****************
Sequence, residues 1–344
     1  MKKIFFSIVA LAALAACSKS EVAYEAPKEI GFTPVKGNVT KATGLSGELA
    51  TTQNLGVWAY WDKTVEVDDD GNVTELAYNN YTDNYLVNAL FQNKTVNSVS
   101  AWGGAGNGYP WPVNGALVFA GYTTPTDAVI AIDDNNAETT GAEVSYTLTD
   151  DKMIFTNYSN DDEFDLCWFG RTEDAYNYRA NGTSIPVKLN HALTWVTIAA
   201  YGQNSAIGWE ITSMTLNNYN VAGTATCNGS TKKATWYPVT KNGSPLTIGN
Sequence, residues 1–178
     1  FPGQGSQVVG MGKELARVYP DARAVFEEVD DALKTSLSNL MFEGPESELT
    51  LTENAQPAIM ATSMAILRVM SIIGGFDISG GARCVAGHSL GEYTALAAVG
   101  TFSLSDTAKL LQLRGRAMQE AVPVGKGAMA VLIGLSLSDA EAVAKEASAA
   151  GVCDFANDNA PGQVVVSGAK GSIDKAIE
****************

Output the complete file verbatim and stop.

Sequence, residues 1–344
     1  MKKIFFSIVA LAALAACSKS EVAYEAPKEI GFTPVKGNVT KATGLSGELA
    51  TTQNLGVWAY WDKTVEVDDD GNVTELAYNN YTDNYLVNAL FQNKTVNSVS
   101  AWGGAGNGYP WPVNGALVFA GYTTPTDAVI AIDDNNAETT GAEVSYTLTD
   151  DKMIFTNYSN DDEFDLCWFG RTEDAYNYRA NGTSIPVKLN HALTWVTIAA
   201  YGQNSAIGWE ITSMTLNNYN VAGTATCNGS TKKATWYPVT KNGSPLTIGN
Sequence, residues 1–178
     1  FPGQGSQVVG MGKELARVYP DARAVFEEVD DALKTSLSNL MFEGPESELT
    51  LTENAQPAIM ATSMAILRVM SIIGGFDISG GARCVAGHSL GEYTALAAVG
   101  TFSLSDTAKL LQLRGRAMQE AVPVGKGAMA VLIGLSLSDA EAVAKEASAA
   151  GVCDFANDNA PGQVVVSGAK GSIDKAIE